The sun is shining, the sky is blue, the frogs are stirring in the pond. Time to make a start on cleaning my fleece!
As ever, the advice on how to do it was contradictory. Magdalen, who gave me the fleece, wrote on her note that I should soak it in lukewarm water for a couple of hours without soap. Debby, my tutor at Morley College, said that if I wanted to dye it (which I do), I should put it in cold water with a little detergent, as the lanolin in the fleece resists dye because it is too oily.
Online, the consensus among spinners seemed to be that using hot water and dishwashing detergent was best, as long as you don’t agitate the fleece and don’t let the water get cold, as this causes the lanolin to reattach itself to the wool. Eventually I decided to use the method outlined by Fuzzy Galore. But as I can’t do all the fleece in one go anyway, I will probably try different techniques on different batches.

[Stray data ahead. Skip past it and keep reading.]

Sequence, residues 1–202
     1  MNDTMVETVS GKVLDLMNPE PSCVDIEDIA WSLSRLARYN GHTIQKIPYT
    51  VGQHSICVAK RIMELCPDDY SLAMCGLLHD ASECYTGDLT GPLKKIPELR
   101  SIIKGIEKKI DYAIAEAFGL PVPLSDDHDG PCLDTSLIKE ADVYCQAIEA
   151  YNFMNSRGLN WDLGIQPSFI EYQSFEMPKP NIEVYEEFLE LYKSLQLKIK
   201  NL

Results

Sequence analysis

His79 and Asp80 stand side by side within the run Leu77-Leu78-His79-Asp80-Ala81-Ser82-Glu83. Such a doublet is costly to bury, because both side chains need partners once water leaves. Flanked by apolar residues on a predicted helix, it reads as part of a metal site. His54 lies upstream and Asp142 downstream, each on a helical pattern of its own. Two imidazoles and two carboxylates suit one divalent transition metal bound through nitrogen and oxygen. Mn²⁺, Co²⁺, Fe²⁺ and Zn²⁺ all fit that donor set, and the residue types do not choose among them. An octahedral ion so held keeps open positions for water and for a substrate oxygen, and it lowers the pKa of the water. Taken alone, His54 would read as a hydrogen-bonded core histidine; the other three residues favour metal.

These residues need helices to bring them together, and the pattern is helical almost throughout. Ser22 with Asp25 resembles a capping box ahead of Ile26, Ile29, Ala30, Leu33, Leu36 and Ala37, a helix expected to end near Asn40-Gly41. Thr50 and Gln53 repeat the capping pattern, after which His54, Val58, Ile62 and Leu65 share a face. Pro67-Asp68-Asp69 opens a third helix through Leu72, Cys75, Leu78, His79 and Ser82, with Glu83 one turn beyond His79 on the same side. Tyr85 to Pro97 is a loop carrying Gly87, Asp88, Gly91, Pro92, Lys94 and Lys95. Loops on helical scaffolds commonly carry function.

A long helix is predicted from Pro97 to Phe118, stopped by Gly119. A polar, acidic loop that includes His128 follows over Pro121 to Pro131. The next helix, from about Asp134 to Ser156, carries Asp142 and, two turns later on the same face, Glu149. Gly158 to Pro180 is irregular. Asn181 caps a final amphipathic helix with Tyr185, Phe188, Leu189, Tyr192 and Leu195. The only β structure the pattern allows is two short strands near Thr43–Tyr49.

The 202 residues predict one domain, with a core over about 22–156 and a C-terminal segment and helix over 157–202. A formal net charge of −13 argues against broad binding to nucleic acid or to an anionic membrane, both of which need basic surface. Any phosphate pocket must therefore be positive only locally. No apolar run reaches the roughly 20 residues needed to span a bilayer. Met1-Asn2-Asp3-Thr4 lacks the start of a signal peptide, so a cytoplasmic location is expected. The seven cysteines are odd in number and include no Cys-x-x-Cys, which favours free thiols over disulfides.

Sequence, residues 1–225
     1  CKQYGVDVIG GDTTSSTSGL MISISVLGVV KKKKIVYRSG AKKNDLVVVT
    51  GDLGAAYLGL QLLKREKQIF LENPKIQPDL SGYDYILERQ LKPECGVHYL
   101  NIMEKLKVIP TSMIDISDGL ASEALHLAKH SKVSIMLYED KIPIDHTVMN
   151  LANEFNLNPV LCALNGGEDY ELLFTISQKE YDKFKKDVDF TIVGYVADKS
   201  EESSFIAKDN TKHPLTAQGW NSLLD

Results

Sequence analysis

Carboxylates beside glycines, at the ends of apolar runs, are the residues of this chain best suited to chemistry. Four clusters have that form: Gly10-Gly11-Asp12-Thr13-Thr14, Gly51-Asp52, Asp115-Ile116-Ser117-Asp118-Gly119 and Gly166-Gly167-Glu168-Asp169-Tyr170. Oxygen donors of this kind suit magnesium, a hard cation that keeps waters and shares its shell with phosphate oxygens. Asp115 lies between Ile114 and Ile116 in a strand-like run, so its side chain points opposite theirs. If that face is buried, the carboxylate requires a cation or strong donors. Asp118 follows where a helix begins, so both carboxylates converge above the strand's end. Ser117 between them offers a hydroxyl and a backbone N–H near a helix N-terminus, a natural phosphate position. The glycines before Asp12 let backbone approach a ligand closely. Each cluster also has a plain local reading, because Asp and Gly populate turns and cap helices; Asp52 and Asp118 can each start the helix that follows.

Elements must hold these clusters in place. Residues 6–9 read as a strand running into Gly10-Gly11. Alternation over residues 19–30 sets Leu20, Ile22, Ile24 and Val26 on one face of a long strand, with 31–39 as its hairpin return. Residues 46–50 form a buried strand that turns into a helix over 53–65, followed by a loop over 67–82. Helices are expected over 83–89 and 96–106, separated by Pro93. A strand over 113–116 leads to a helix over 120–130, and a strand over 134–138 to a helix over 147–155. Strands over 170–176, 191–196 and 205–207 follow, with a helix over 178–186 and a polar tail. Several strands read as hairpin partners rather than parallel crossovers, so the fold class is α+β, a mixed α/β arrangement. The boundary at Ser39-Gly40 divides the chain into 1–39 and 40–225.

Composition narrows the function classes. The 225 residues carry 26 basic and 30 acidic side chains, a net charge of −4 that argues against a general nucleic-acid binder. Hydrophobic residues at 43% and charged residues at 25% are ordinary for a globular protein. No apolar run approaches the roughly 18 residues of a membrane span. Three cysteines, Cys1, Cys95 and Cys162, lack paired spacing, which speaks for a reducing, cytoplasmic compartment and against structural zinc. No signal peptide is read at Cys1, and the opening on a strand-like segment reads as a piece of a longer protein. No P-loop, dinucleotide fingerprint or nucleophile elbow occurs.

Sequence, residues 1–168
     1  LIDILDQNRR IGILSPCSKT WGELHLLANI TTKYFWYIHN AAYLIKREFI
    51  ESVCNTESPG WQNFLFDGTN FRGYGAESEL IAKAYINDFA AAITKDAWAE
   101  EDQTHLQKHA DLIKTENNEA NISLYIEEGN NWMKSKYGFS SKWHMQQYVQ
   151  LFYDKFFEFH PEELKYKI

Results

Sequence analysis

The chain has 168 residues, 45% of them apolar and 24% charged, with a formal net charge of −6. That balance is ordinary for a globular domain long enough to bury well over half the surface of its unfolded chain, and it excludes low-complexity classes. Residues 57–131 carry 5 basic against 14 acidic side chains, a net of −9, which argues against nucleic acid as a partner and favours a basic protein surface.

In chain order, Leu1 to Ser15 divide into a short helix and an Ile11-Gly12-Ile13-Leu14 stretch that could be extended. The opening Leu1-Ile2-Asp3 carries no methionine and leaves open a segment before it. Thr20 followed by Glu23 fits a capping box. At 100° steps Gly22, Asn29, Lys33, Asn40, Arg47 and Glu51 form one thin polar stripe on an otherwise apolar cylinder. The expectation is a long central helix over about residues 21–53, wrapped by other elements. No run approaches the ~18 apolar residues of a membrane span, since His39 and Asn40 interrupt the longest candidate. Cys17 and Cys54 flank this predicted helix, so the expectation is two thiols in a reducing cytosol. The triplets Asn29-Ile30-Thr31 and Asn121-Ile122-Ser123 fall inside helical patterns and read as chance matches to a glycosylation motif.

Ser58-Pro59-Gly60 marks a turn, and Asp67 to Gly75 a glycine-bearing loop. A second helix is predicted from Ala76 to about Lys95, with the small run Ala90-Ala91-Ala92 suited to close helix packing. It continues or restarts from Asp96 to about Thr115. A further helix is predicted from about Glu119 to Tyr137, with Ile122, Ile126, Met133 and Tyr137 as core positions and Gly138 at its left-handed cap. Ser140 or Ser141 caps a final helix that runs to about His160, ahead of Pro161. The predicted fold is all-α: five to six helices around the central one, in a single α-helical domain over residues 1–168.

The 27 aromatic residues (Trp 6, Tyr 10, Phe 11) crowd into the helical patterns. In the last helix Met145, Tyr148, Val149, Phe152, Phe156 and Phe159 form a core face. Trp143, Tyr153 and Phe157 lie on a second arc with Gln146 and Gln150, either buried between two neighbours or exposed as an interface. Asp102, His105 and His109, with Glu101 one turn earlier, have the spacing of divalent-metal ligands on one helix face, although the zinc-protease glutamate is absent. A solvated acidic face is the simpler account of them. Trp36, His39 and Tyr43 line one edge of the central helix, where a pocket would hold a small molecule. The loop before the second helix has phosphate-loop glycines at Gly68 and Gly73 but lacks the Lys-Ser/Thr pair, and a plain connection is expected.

When I laid it out on a plastic sheet in the garden, it became clear that it wasn’t in one piece, like a sheepskin rug, but several large clumps. I picked off some of the grubbiest bits of dung, plus the largest bits of straw, thorny twigs and other vegetation.
Then I picked a clump that didn’t look too grubby, filled the kitchen sink with hot water, added some Fairy Liquid, and gently pressed the wool so that it was submerged in the water. I left it for 15 minutes, by which time the water was filthy, scooped out the wool into a bowl, drained the water and repeated the process. The water wasn’t so dirty this time.
Then it was two 15-minute rinses, again in hot water but without the detergent. The final rinse water was a little cloudy but not dirty.
I was a bit worried about spinning it in the washing machine, as many people seem to recommend, so I put a few handfuls in the salad spinner and span it by hand! This was actually very effective and didn’t take too long.
Then I laid it out on some net curtain on top of a rack above the bath to dry. I’ve managed to do three batches, which I reckon is about half the fleece.
As you can see, the wool is much whiter than it was, and it’s considerably less smelly! It doesn’t seem to have felted anywhere, so either I have handled it really well, or it’s going to be difficult to get it to felt! 😉